By far the easiest option to set is if you want all applications to have the same “number of days” deadline after an update is detected.

<key>UpdateDeadline.DaysBeforeForcedQuit</key>
<integer>5</integer>

This option can be set at the same higher level of the configuration profile, in the mcx_preference_settings key’s dictionary, as HowToCheck, UpdateCheckFrequency, ChannelName, etc. Using this option still allows for different deadlines to be set individually for specific applications lower in the profile.

Configuring the Options for Individual Applications

Pay close attention to the examples under “Preference settings for deadlines” in the documentation when setting these new options for individual applications.

While UpdateDeadline.DaysBeforeForcedQuit can be included in the existing dictionary under the Applications key used to register applications with MAU, specifying a “date, time and version” requires an entirely new dictionary under the UpdateDeadline.ApplicationsForcedUpdateSchedule key.

Both dictionaries include the Application ID key making them look very similar at first glance.

Storing the Deadline

No matter which option you use, internally MAU keeps track of the deadline(s) for applications separately for each user in: ~/Library/Preferences/com.microsoft.autoupdate2.plist

<key>ApplicationsForcedUpdateSchedule</key>
<dict>
	<key>MSWD2019</key>
	<dict>
		<key>ForcedUpdateDate</key>
		<date>2019-07-27T04:45:35Z</date>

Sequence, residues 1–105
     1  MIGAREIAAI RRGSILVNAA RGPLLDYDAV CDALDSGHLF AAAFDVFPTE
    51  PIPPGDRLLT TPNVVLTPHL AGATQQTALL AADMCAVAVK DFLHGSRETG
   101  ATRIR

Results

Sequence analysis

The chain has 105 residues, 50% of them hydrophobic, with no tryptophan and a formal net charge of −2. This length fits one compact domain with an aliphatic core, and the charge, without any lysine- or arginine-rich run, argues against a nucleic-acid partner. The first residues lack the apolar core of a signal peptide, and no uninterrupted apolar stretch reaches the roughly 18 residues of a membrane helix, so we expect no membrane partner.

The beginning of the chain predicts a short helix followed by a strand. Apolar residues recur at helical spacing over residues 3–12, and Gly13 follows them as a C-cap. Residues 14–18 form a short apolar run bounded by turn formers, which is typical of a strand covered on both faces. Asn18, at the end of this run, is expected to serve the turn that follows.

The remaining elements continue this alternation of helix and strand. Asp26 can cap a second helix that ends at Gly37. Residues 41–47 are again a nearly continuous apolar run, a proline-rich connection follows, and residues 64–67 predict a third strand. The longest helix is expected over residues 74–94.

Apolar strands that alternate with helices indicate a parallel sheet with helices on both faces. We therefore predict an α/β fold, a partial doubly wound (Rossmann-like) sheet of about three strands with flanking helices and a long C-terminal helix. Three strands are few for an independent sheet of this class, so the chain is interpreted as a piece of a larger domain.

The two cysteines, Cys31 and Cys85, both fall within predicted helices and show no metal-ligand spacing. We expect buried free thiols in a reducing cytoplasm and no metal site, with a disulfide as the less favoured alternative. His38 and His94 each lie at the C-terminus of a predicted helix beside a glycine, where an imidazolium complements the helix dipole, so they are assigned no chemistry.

<key>ForcedUpdateVersion</key>
		<string>16.27.19071500</string>
	</dict>
</dict>

This means that on shared computers, when using the “number of days” method each user will have a separate deadline since the counter only begins when MAU sees the update while logged into that user account.

If the “specific date, time and version” method is utilized then an update will be forced 60 minutes after any user logs in to the computer once the deadline has passed.

The new deadline dialog.The New Dialog

This update brings with it a new deadline dialog designed to inform users about the pending update and give them advance notice of the deadline. While it is effective in its initial form, it is not without its quirks that MacAdmins should be aware of.

• Unlike the Notification Center alert it replaces (see below) that remains on screen until acknowledged, the new deadline dialog disappears after 60 seconds wether the user has acknowledged it or not. After automatically closing it will not reappear for 12 hours.

• On the day of the deadline, the dialog will reference it in 24 hour time notation. This could be confusing to users who are not accustomed to reading a clock in that manner.

• Only the icons for applications that were not able to be automatically updated will appear in the dialog. This means different users will see slightly different dialogs depending on which applications are installed and running when MAU tries to execute automatic updates. (I used Word exclusively for the example images in this post.)